Minor illnesses and sleep
Many factors can positively or negatively influence children’s sleep. Sporadic minor illnesses are among these factors. Stuffy noses, colds, coughs…every new season comes with its fair share of minor illnesses that can have an impact on children. When they are sick, children may need to sleep more. On the other hand, their sleep may be disrupted, and they may end up sleeping very little. It is extremely important that you adapt certain interventions to meet the needs of the children in your group. A child who is not feeling well can be irritable because of his symptoms, but also because of his lack of sleep.
Ask for details about his night-time sleep
It is very important that you know if the child slept well or not at home. If a sick child has a sleep deficit, you may have to compensate during the day and provide additional rest periods. Details about his night-time sleep will also give you a good idea of the energy level he will have during the day.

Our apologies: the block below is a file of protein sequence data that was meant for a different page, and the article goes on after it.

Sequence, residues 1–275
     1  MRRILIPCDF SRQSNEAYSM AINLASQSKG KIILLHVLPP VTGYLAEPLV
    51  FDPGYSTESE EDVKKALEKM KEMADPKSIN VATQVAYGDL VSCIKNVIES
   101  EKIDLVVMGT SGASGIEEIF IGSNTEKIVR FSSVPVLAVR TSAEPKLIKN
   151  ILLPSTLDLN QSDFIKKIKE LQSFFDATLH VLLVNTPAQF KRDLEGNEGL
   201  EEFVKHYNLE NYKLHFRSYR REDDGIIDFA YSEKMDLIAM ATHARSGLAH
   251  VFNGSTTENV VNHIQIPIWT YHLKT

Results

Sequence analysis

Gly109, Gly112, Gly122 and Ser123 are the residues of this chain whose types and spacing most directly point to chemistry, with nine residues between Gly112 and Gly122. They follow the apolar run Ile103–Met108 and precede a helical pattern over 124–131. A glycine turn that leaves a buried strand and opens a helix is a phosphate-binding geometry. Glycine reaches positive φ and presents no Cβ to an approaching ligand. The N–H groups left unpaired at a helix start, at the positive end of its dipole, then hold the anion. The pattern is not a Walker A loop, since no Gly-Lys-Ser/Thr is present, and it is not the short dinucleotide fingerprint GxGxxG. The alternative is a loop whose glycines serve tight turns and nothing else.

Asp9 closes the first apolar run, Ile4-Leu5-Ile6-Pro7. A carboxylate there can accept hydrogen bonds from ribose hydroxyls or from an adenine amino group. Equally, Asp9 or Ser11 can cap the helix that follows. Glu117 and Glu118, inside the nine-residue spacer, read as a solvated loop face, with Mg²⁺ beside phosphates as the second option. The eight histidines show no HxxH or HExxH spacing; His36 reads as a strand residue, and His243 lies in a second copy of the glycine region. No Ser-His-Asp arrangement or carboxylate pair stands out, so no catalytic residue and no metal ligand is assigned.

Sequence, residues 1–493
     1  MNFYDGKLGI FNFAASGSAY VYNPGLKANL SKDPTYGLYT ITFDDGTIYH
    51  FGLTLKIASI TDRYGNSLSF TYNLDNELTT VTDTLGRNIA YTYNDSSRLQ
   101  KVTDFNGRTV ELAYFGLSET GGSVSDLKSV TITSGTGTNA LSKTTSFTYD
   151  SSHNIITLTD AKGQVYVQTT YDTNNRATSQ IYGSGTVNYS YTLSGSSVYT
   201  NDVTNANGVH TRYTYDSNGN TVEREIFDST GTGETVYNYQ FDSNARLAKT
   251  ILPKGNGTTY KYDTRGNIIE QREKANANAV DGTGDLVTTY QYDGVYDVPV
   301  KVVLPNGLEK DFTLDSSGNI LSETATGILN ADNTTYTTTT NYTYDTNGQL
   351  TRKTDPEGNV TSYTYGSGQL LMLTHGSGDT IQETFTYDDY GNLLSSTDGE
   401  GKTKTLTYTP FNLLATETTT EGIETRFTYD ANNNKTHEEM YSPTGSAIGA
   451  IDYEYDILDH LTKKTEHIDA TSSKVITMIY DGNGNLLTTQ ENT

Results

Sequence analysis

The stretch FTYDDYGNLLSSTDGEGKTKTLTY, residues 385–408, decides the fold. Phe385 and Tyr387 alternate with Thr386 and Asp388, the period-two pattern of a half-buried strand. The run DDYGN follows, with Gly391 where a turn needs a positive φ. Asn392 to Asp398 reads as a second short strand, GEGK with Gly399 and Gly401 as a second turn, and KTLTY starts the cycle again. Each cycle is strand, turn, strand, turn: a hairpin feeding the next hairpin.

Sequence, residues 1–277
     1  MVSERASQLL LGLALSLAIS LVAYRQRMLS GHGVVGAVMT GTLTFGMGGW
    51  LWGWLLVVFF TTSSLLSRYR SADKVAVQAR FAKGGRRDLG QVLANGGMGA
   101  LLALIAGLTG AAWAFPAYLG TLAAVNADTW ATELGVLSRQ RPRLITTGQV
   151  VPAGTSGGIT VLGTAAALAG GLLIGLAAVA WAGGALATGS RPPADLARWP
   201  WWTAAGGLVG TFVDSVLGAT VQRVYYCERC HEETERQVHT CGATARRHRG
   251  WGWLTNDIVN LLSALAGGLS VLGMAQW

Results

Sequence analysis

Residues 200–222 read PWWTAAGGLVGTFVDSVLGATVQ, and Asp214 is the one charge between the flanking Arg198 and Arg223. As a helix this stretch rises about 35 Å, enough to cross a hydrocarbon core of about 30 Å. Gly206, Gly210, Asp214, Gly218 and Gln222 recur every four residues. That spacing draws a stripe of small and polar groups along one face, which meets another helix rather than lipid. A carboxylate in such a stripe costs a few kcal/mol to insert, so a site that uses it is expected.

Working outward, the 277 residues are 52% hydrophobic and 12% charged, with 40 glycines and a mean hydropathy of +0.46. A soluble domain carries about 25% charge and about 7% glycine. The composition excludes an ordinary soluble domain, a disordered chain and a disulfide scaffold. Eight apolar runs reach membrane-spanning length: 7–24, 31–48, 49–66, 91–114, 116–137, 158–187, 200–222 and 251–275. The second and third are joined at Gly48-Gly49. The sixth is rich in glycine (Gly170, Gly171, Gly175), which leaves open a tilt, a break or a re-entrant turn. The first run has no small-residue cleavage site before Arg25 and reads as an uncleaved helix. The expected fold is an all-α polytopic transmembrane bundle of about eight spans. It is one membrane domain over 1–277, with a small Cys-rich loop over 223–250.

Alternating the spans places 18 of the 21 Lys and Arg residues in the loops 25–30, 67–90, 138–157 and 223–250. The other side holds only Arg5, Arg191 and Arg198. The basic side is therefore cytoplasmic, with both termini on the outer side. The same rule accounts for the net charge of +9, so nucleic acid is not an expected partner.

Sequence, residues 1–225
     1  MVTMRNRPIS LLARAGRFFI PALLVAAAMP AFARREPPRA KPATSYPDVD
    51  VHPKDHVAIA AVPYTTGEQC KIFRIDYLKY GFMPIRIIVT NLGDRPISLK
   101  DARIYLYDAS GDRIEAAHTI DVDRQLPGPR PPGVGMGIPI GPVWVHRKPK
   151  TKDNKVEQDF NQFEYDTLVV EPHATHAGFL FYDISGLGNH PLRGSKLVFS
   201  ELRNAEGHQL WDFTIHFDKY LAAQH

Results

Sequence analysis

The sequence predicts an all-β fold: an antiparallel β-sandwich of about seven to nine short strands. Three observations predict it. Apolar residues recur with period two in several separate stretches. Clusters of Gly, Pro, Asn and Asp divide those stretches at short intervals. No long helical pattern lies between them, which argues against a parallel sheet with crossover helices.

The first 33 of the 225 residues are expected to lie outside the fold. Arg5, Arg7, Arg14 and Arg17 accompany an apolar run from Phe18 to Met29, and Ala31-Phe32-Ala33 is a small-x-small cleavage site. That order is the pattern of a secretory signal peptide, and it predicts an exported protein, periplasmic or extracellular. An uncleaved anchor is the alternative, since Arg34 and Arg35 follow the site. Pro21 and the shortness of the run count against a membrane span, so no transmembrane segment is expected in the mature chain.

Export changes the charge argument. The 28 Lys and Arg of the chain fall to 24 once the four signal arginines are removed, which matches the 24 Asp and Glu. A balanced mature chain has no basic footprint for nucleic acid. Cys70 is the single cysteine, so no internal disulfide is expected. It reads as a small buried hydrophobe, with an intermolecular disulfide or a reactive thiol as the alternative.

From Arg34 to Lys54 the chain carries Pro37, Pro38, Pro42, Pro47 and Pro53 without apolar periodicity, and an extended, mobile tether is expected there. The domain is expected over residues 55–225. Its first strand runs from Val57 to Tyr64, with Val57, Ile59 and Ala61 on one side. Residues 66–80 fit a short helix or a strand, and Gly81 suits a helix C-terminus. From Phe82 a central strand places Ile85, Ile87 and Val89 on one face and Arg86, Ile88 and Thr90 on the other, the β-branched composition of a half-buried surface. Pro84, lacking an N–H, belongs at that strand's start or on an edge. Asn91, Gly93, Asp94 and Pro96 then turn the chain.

Respect the child’s needs
A sick child may need to sleep more than usual. It is also possible that he will be able to function normally throughout the day. Each child is different. Pay attention to the child’s needs and make sure you respect them. Going against the child’s needs will lead to negative impacts, for both you and your group.
Adapt the environment to help a sick child sleep
Prepare a comfortable area. Set up a mattress and arrange his blanket and stuffed animals nearby. By creating this space for the child, he will have somewhere to go when he needs to rest. He may want to sleep, but often, spending time alone and enjoying a quiet activity will be enough. It may also be a good idea to open the windows and ventilate your daycare. This may help avoid serious coughs. Raise the top of the child’s mattress to create a comfortable resting position. Speak with the child’s parents to gain a better understanding of his habits and what may help make him feel better.
Give a sick child plenty of attention and affection
A child who does not feel well may require extra attention. Before naptime, take a few minutes to rock him, cuddle with him, and help him calm down.
Communicate with a sick child’s parents whenever necessary
If a sick child is having difficulty following the group’s activities or if all he wants to do is sleep, it is best to call his parents to inform them of the situation. If the child cannot participate in daily activities, he may be better off at home. Do not hesitate to contact parents if your adaptations don’t help the child get the sleep he needs.
Maude Dubé, Specialized educator